Thousands of people are hurt as a result of auto accidents in Illinois every year. In the majority of cases, injuries or deaths occur as a result of the initial impact of a motor vehicle collision. But sometimes, what happens after that can also cause people to get hurt.
Take the case of a two-vehicle accident early Sunday morning in downtown Chicago. An Audi was driving east on Ohio Street at about 4am when it struck a taxicab at the intersection of Wells Street. The cab veered out of control and jumped the curb, striking two pedestrians in the process. The two victims had to be transported to a hospital with injuries (along with the cabdriver). It wasn’t clear if the cab had any passengers at the time of the crash.
Based on this information, it appears that the driver of the Audi will be held liable for the auto-taxi accident. Obviously, that means the Audi driver could be named as a defendant in a lawsuit filed on behalf of the cabdriver (whose injuries would likely be mostly or completely covered under worker’s compensation laws).
But if a subsequent investigation reveals that the Audi driver’s actions directly led to the injuries of the two pedestrians, they could each file personal injury lawsuits. In this scenario, neither the cab company nor the cabdriver would be held responsible for the injuries to the pedestrians.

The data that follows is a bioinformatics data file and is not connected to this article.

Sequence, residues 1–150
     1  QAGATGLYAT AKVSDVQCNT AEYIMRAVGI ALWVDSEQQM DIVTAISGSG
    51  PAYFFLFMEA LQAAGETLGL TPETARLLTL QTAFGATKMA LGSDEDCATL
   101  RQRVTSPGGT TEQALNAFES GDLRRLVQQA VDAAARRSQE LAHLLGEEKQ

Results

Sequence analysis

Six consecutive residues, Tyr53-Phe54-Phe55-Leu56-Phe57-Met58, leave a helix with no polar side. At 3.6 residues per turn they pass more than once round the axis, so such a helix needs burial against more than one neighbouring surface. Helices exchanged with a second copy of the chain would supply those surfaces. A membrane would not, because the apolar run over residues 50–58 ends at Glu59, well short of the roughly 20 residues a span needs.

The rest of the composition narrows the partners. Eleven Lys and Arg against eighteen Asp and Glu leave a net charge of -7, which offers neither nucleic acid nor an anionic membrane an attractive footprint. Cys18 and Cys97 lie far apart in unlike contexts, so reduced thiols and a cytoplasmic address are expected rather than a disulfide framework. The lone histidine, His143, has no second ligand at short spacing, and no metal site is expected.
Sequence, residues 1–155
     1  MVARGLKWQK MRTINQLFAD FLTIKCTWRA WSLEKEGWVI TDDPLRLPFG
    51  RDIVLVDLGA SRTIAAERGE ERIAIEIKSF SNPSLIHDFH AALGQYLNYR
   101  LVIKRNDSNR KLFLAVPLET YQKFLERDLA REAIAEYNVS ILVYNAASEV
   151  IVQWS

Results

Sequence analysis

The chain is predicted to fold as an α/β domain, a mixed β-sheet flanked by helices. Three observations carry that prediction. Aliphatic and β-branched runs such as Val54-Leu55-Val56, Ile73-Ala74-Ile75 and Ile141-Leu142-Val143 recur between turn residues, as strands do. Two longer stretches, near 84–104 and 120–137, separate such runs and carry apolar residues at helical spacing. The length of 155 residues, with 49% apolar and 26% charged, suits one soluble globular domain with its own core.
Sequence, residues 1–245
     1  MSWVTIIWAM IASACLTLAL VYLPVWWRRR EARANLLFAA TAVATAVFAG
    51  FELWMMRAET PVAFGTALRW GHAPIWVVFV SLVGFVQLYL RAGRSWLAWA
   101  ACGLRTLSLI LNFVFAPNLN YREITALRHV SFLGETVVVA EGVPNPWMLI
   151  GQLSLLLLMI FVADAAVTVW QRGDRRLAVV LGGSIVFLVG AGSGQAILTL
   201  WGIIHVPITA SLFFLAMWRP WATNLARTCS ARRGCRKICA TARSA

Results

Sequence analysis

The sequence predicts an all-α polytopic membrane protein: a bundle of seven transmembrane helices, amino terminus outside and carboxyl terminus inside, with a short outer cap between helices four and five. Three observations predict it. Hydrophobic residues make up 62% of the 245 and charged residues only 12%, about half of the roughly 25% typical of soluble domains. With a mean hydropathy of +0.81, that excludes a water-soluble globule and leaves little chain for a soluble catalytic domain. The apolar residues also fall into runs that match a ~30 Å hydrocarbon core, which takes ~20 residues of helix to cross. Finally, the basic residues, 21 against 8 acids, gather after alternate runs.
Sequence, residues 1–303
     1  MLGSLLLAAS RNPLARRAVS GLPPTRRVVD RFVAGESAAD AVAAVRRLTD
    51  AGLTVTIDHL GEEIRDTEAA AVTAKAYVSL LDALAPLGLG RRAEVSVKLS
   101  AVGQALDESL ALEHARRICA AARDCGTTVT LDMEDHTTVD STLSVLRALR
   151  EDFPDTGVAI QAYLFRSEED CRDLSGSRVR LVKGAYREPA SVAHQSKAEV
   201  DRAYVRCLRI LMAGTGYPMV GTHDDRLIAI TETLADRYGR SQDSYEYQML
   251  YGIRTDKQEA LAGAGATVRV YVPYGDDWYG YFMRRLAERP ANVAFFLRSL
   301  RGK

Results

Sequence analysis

However, if the results of the crash investigation indicate (or even imply) that the cabdriver could have taken evasive measures to avoid the pedestrians, then the cab company may also be named as a defendant in the pedestrians’ lawsuits. In this case, the cab company would probably only be held partially responsible, and the driver of the Audi would still be primarily responsible. And any damages award ordered by a jury would be distributed proportionally among the defendants.